Monday, January 29, 2018

Query Critique Winner

This month's lucky query critique winner is Kristy!  Congrats, Kristy!!

Here is her original query:


Dear Carrie, 

Sixteen-year-old Lucy Andrews fears the color red, inks graffiti in bathroom stalls, and avoids even numbers because they’re too perfect. Yet somehow she’s able to manage her OCD—until her best friend Janice, her beloved art teacher, and two classmates commit suicide, all within a few weeks. Eerily, all of them were artists.

Just when she’s on the verge of breaking down completely, she’s committed to a mental hospital for her obsessive-compulsive behaviors. Lucy’s depressed and anxious, but willing to accept help—until she realizes something isn’t quite right. The art room has no artwork, four classmates have also been committed, and a woman is stalking her.

She’s offered an experimental drug with the promise of being discharged early. Though the drug helps her OCD, it takes away everything that makes her Lucy. As she fights back, threatening to expose the hospital for its sinister secrets, the head doctor threatens to never let her go. Either she does as she’s told and hopes for the best, or she can risk her future by providing the truth before they unmake everything she is.

LUCY COUNTING STARS, a YA contemporary novel, is complete at 91,000 words. It was selected as a manuscript for the 2017 Pitch Wars Contest and it's a finalist in the Serendipity YA Discovery Contest. 

I worked as a middle school counselor for ten years and suffer from generalized anxiety disorder. Therefore LUCY COUNTING STARS is part experience and part research.

Thank you for taking the time, and I look forward to hearing from you.

Sincerely,

Kristy


And here is my critique!


Dear Carrie, 

Sixteen-year-old Lucy Andrews fears the color red, compulsively inks graffiti in bathroom stalls every time she has to pee, and avoids even numbers because they’re too perfect. Yet, despite the difficulties associated with it, she is somehow she’s able to manage her OCD—until her best friend Janice, her beloved art teacher, and two classmates commit suicide, all within a few weeks. Eerily, all of them were artists. [I'm not sure if this sentence belongs here or if it detracts from the previous sentence.  Unless they did something like all kill themselves in the art room, I'm not sure we need this information now.]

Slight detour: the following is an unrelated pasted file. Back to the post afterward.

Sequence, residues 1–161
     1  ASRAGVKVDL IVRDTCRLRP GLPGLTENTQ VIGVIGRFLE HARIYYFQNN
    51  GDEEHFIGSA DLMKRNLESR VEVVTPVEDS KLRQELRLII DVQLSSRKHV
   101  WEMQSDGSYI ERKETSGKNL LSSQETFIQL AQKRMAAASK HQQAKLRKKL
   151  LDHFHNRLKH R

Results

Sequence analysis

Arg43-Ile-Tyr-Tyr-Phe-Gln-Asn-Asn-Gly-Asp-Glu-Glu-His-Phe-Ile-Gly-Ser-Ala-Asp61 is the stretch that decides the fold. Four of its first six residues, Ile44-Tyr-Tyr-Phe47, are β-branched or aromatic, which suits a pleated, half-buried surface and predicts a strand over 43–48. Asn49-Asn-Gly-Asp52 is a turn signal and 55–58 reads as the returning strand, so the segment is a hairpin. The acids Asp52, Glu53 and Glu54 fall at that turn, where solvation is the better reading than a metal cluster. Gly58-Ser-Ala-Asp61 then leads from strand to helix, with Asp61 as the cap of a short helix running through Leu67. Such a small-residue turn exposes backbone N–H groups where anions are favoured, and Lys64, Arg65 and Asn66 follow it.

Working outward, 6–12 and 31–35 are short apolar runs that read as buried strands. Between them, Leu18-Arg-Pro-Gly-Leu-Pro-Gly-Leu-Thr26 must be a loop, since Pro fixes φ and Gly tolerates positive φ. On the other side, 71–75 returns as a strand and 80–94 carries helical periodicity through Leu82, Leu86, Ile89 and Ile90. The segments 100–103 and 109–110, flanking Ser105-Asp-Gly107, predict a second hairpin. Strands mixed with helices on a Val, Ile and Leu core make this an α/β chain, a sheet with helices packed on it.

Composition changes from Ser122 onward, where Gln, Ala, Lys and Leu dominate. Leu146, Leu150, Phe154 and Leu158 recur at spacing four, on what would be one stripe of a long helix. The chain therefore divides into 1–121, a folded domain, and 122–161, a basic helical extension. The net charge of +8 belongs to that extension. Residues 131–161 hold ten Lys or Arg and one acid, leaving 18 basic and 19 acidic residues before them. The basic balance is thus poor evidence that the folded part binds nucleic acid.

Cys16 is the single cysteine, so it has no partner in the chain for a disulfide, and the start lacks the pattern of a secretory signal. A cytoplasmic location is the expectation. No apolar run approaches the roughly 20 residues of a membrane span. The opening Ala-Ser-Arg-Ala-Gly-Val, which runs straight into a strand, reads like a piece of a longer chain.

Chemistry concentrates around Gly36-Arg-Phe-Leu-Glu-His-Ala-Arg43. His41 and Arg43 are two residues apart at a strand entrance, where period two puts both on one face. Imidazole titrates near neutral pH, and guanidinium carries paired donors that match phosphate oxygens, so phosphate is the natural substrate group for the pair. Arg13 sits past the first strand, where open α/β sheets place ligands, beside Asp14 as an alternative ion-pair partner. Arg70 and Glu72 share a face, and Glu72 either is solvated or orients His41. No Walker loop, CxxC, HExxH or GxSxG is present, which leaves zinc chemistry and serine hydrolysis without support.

Sent into a tailspin and Just when she’s on the verge of breaking down completely, her family she’s commitsted her to a mental hospital for her obsessive-compulsive behaviors. Lucy’s depressed and anxious and not exactly thrilled about being in a psych ward, but willing to accept help—until she realizes something isn’t quite right. The art room has no artwork, four of her other classmates have also been committed, and a woman is stalking her.

The doctors on staff She’s offered her an experimental drug with the promise of being discharged early if she takes itAlthough Though the drug helps her OCD, it takes away everything that makes her Lucy. As she fights back, threatening to expose the hospital for its sinister secrets [What sinister secrets?  Give specific examples here...do you mean that they're having her take experimental meds or something more?], the head doctor threatens to keep her in the facility for the rest of her life never let her go. Either she does as she’s told and hopes for the best, or she can risks her future by forcing providing the truth to come out before they unmake everything she is.

LUCY COUNTING STARS, a YA, #ownvoices, contemporary novel, is complete at 91,000 words. It was selected as a manuscript for the 2017 Pitch Wars Contest and is it's a finalist in the Serendipity YA Discovery Contest. 

I worked with teens for 10 years as a middle school counselor I worked as a middle school counselor for ten years and also suffer from generalized anxiety disorder, making the writing of. Therefore LUCY COUNTING STARS is part experience and part research.

Thank you for taking the time to read my query, and I look forward to hearing from you.

Sincerely,

Kristy

 
This is such an interesting premise for a story and Kristy does a really great job setting up the story so that I stay intrigued and interested to know more.  My edits are mostly to smooth out the flow in certain areas and pump up the drama/stakes, but in general, this query is off to a fantastic start!

Kristy, I really hope you found this helpful and wish you the best of luck as you are querying!  If you think this critique was helpful, please others know on Twitter, etc. so that they enter next month.

Everyone else, please chime in with your own thoughts, suggestions, and questions in the comments below!

Monday, January 22, 2018

When Is the Best Time to Query?

Hi, everyone! This week, my blog is being taken over by my intern, the wonderful Rosiee, with a special guest post...here she is!!



When is the best time to query?

A question every querying writer asks. Some people say not to query during the holidays, and some say publishing is basically dead in August, so don’t even bother during the summer. And still more say to query only during Summer or the holidays because that’s when agents get the least amount of queries because of the former advice.

It all depends on what you want out of querying. Do you want your query given full consideration? Or are you looking for a quick response?

But really, when is the best time to query?

I dove into Carrie’s submission records to find out.

This data will vary from agent to agent, I’d imagine, but here are some stats from Carrie’s inbox:

In 2017, Carrie received a total of 2,202 cold queries, not including queries/materials sent from contests or conferences.
The monthly average was 184
The daily average was 6
She received the highest number of queries in October.
She received the lowest number of queries in December

What does this data tell us? Not much, to be honest.